Online Banking Conversion Surge on the Horizon
Feedback and pushback are essential for credit unions seeking to leverage their relationship with their core processing providers to meet the growing demands of online and mobile banking consumers.
That's according to a new report from Aite Group that predicted about 1,000 financial institutions, including hundreds of credit unions, will be converting online banking platforms in the coming years, adding personal financial management and other baseline tools while ramping up their ability to satisfy users of tablets and smartphones.
“The increase will be driven primarily by pent-up demand, dissatisfaction with existing solutions, and the desire of smaller institutions to enhance their consumer online banking capabilities to reduce their costs and meet customer expectations,” Aite analyst David Albertazzi wrote in his 48-page report, “U.S. Core Vendors and Their Consumer Online Banking Solutions.”
There were 286 new consumer online banking contracts signed with leading U.S. core vendors such as FIS, Fiserv, Jack Henry and D+H Henderson compared with 307 in 2012 and 239 in 2011, the report read. Thirty percent of those were with credit unions last year, compared with 36% in 2012 and 24% in 2011.
Looking ahead, Albertazzi predicted 310 contracts will be signed this year, 325 in 2015 and 341 in 2016. Driving this will be a surge in mobile banking users that includes 48 million in 2013 to an estimated 96 million in 2016. That sharp increase was also shown in the rise of U.S. financial institutions offering mobile banking, from a few hundred in 2008 to nearly 14,000 by 2016, out of approximately 16,000 financial institutions nationwide.
The report found commonalities among the big vendors’ approaches including the idea of self-service with an array of integrates financial dashboards, personal finance management and card-linked offers.
“Most vendors strive to offer a seamless, integrated online banking solution across desktops, smartphones and tablets,” Albertazzi wrote.
Read more: Financial institutions play catch-up with mobile ...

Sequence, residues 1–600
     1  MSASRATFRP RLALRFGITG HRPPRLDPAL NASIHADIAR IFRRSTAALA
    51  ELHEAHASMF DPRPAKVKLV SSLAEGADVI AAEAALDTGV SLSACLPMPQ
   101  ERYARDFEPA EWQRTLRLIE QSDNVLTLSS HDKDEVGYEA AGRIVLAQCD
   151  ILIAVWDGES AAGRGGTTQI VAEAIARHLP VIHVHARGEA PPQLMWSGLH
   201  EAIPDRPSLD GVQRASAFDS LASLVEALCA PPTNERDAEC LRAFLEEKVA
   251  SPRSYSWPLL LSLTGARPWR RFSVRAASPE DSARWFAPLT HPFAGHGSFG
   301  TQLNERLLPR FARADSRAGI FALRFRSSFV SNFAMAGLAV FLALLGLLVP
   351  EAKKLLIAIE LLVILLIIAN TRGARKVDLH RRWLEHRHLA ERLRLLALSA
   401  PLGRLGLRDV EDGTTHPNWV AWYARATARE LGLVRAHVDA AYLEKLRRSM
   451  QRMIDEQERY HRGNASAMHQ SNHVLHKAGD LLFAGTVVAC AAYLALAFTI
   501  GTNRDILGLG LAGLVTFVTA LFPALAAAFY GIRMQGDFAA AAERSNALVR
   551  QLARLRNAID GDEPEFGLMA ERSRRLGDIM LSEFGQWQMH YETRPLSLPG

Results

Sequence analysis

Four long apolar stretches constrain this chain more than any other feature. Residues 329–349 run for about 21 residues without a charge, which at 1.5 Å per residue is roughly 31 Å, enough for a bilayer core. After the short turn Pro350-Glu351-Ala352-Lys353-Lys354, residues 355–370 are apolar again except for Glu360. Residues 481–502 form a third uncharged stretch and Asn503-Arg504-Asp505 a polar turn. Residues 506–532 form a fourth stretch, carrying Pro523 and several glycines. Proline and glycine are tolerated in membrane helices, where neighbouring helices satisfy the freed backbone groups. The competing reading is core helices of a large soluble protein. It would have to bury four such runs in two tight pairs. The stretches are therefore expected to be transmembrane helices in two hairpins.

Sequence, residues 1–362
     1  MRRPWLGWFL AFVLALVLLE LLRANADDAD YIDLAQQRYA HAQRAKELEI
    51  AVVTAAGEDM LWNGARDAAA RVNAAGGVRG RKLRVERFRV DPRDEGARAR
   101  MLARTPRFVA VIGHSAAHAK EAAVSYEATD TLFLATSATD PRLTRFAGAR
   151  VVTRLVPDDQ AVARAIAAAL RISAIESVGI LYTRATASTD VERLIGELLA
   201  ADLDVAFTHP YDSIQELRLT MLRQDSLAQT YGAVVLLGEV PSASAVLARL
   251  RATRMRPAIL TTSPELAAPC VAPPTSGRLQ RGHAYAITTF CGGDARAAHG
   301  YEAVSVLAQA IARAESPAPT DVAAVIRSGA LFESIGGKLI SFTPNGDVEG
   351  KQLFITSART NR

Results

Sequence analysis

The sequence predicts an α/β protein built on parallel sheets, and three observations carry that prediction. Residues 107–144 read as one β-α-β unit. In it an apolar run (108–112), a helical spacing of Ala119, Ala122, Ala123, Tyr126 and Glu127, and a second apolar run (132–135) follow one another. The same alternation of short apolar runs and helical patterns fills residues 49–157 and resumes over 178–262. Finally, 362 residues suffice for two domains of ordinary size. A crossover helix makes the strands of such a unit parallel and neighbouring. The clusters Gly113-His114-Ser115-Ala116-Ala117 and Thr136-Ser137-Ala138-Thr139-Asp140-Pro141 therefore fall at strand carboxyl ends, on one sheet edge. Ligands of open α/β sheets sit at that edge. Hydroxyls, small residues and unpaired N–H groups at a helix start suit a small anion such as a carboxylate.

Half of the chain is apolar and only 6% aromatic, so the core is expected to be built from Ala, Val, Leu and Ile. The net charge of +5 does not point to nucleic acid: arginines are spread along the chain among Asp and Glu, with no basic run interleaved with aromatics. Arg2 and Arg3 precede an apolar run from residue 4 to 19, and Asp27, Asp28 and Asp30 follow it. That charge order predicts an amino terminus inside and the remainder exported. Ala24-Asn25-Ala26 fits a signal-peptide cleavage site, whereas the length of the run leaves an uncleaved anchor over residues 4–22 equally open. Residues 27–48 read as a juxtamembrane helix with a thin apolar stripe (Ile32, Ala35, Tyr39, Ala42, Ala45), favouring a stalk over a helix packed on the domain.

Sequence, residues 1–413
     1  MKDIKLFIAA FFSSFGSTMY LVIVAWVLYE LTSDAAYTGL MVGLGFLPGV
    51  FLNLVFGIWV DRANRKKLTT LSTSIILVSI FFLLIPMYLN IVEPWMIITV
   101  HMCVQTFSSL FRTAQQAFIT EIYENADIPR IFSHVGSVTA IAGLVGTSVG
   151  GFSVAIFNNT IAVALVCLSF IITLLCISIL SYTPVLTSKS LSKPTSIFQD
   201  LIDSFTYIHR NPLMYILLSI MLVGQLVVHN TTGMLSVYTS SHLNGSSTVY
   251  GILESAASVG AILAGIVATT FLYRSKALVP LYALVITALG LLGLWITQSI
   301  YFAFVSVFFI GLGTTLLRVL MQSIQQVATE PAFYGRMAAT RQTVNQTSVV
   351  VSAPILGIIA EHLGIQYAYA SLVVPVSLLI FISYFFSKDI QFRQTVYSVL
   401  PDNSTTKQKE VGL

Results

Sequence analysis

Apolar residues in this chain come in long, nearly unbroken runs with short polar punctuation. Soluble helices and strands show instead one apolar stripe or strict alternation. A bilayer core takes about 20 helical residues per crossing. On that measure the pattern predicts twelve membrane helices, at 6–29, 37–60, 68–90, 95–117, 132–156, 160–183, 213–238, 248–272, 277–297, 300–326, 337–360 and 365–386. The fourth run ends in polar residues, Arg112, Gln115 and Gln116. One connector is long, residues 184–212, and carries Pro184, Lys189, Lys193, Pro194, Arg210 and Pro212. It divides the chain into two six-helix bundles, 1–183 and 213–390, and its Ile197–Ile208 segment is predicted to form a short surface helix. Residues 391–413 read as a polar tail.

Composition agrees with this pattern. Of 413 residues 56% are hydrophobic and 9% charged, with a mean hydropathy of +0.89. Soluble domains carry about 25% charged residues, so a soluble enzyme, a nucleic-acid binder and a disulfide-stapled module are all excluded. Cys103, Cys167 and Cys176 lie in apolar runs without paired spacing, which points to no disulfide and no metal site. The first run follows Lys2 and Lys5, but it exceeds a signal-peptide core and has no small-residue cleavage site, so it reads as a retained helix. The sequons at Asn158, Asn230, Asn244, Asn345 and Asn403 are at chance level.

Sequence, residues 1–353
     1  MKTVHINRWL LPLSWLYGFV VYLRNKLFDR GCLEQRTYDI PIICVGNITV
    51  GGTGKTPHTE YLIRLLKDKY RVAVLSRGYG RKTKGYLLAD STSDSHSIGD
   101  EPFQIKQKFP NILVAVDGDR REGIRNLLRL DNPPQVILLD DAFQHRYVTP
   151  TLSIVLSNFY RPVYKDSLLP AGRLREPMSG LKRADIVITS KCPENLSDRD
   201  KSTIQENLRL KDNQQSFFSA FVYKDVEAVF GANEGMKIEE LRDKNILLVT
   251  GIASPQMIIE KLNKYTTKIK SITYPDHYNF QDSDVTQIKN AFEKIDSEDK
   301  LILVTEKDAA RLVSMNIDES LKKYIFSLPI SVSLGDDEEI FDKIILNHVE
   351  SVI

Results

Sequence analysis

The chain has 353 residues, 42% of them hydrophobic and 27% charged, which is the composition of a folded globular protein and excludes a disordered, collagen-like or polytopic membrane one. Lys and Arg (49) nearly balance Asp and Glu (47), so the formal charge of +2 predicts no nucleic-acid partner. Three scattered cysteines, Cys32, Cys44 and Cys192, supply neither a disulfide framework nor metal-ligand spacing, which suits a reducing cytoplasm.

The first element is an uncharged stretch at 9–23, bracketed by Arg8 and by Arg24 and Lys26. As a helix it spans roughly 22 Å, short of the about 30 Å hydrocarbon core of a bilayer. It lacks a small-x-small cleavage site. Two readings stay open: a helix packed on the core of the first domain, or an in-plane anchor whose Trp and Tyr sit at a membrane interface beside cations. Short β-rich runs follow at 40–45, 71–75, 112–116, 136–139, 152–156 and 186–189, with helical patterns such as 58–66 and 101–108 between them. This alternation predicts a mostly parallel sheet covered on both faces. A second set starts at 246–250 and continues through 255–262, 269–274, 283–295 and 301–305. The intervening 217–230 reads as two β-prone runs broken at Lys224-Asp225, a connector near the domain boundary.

The last few years have been difficult for the many financial institutions that were forced to put customer initiatives and growth plans on a back burner as risk management, fraud prevention and regulatory compliance commanded time and resources, he noted.
“In addition, some early adopters are now looking to move beyond a basic solution or a subset of banking functionality found online and have already begun replacing first-generation mobile solutions,” Albertazzi wrote. “These financial institutions are now focusing on enhancing the consumer solution's user experience and offering mobile capabilities to small-business and corporate customers.”
Key core vendors also have been evolving their strategies, Albertazzi said.
“The path to the optimal user experience − integration with other delivery channels while balancing security and risk − is a long one, however, and vendors will be on a journey throughout their next few releases,” he wrote. “Vendors will continue to roll out their new dashboards and PFM widgets and enhance their remote customer servicing capabilities.”
Core processors have long been the technology linchpin upon which all else is built and offered at credit unions. To make the most of that going forward in the online and mobile arena, Albertazzi suggested providing feedback to technology providers.